# A simple vector problem with a rich set of approaches

In precalculus, we do a little bit with vectors. And last year and this year, I gave a basic problem to my kids. (I think I found it in some standard textbook.) What I love about this problem is that there are so many ways kids approached it. All essentially the same, but all different enough. Because my kids weren’t all doing it the same way, it has shown me that we are teaching them well. And also, it reminds me that a super basic problem can be a super rich problem. Approach 1: Since we were in vector land, a few kids solved it like this. They found the vector from P to Q, and then set the magnitude equal to 5 and did the algebra. Approach 2: Similarly, some students just used the distance formula that they had memorized. I like that this kid expanded out $(-3-x)^2$ and then later eventually factored. Because that was slightly different than how the student in approach 1 solved it (leaving $(x+3)^2$ as is, and then taking the square root of both sides.

Approach 3: One student found the equation of a circle of radius 5 around the point $(-3,1)$. Then they realized that they were looking for the solution to a system of equations for the circle and the line $y=4$. So they substituted $y=4$ into the equation of the circle and solved! Approach 4: Most students took a geometric/visual approach. They drew the point $(-3,1)$ and the line $y=4$. Then they drew these two triangles (seeing that the vertical distance from the point to the line was 3 and the diagonal distance from the point to the line was 5, since we want a distance of 5 away from $(-3,1)$. Then they used 3-4-5 right triangles to get the horizontal distance. All of these were lovely. I enjoyed seeing them all together and drawing some connections among them. Most kids were awed when they saw Approach 3. And since so many students didn’t take a straight up algebraic approach, they were like “ooooh” when they saw Approach 1/2. I supposed what I most like about this is that it really highlights how circles, distance, and vectors are all essentially tied together. I mean kids should know that circles and distance are fundamentally related (but of course they don’t always remember that). But this problem connects those two concepts with something new: vectors. And that the magnitude of vectors simply being an equation involving a circle, secretly.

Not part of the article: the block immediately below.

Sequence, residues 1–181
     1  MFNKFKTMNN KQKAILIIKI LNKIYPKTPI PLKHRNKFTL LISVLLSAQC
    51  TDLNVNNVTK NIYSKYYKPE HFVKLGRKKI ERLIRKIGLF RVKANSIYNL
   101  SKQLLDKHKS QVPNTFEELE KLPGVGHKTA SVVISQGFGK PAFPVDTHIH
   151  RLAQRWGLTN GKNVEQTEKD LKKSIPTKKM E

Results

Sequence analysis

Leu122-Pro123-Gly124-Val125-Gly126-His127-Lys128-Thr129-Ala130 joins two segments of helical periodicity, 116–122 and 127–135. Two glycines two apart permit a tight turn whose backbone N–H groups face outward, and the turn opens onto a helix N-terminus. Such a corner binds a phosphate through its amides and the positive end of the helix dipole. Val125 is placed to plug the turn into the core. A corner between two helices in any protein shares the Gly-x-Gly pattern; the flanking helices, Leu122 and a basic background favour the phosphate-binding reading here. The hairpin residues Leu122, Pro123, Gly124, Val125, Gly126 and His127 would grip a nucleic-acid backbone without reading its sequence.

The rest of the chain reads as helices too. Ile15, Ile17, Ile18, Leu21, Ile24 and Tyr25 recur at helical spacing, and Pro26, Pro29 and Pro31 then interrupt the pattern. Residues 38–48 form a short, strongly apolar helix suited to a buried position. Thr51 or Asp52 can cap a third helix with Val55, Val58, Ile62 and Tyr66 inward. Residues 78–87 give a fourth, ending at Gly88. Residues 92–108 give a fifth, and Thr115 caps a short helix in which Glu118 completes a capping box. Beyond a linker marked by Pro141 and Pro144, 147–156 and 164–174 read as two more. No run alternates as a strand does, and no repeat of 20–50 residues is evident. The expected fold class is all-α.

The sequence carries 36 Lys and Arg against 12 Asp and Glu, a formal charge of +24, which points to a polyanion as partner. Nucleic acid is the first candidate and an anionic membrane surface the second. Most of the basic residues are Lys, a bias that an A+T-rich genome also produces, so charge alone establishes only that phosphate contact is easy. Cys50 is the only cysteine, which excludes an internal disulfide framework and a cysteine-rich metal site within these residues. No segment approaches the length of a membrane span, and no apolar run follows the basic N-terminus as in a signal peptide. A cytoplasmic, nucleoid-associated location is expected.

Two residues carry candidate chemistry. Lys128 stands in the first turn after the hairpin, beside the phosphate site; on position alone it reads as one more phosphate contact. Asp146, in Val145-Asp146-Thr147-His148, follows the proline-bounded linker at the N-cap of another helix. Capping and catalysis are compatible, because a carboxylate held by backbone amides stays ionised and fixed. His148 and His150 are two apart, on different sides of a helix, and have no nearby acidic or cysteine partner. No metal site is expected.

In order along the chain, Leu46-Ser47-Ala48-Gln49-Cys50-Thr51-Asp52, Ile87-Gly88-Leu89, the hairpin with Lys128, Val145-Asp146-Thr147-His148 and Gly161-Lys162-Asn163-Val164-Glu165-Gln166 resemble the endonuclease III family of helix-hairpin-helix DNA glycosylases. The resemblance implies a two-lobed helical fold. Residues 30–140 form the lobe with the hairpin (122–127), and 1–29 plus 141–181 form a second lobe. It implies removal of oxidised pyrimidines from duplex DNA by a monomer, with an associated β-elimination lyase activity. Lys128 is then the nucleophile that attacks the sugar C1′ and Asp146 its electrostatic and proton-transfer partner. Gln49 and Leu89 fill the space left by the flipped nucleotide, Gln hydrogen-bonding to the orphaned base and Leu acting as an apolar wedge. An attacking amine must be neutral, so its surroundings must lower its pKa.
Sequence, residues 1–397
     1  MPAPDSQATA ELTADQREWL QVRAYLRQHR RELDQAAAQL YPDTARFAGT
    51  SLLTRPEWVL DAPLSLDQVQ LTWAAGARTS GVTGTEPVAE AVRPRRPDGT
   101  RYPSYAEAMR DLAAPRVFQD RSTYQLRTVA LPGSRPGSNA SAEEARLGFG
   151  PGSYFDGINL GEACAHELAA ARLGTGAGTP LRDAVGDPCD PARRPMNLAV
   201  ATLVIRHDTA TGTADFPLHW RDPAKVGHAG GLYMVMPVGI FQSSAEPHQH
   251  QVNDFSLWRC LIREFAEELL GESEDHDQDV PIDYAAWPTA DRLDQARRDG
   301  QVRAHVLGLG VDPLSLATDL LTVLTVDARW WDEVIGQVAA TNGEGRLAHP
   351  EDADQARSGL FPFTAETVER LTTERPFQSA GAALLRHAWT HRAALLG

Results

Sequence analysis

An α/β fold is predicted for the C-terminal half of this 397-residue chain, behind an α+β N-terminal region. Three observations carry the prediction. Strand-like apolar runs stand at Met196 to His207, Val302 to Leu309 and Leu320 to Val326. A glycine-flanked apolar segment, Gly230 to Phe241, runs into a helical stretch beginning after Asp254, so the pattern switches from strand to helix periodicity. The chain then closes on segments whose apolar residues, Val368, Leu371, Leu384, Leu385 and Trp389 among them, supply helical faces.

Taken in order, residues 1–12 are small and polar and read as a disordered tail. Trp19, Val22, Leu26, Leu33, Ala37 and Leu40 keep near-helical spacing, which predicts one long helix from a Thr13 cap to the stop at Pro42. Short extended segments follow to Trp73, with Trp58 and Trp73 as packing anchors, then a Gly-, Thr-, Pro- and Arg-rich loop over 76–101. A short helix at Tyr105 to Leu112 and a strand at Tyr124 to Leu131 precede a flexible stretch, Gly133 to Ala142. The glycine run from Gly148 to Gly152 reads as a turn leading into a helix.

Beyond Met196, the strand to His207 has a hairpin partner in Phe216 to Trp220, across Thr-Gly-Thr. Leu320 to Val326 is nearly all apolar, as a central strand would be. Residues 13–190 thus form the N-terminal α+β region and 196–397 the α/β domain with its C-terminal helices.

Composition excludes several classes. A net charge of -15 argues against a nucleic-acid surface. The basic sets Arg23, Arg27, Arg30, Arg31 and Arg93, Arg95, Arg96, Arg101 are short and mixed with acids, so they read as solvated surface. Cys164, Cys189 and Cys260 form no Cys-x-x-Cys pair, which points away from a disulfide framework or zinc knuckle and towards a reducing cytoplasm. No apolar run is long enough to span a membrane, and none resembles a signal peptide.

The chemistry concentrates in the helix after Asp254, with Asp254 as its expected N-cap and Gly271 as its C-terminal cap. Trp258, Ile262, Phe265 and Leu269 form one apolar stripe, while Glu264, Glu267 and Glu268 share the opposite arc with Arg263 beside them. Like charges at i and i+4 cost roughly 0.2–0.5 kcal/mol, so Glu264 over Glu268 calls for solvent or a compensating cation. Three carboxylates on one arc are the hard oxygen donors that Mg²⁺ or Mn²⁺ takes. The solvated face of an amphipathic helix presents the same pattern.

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Actually, while I’m writing this, I might as well share this other problem that had a couple of approaches. This was the basic question: Approach 1: Most students took this approach. They drew the vector, and then drew a smaller vector with unit length, and then used similarity to find this new vector (with a scale factor of $\frac{1}{\sqrt{5}}$. Related to this were students who simply saw the scalar that was multiplied by the vector $<5,12>$ to be a “scale factor” that stretches/shrinks the vector by a particular factor. But why this works is because of this similar triangles argument.

Approach 2: A bunch of students used trig. They first found “the angle” and then realized that angle put on a unit circle would work! The fact that so many students saw the problem this way made me happy. I then asked what if we wanted the vector to have length 2 or 3 (instead of unit length), and they were able to answer it. We also talked about one huge deficit of this approach: you lose exactitude since they approximated the angle with their calculator. Even if they didn’t round, they wouldn’t “see” the square root of 5 pop out, when they would with the similarity argument. Approach 3: Okay, so strangely this year, none of my students used this approach. But it is related to the similar triangles approach, and in years past, I’ve had students come up with it. So I showed it to them so they could see another approach. It’s an algebraic approach to find the scale factor. Fin!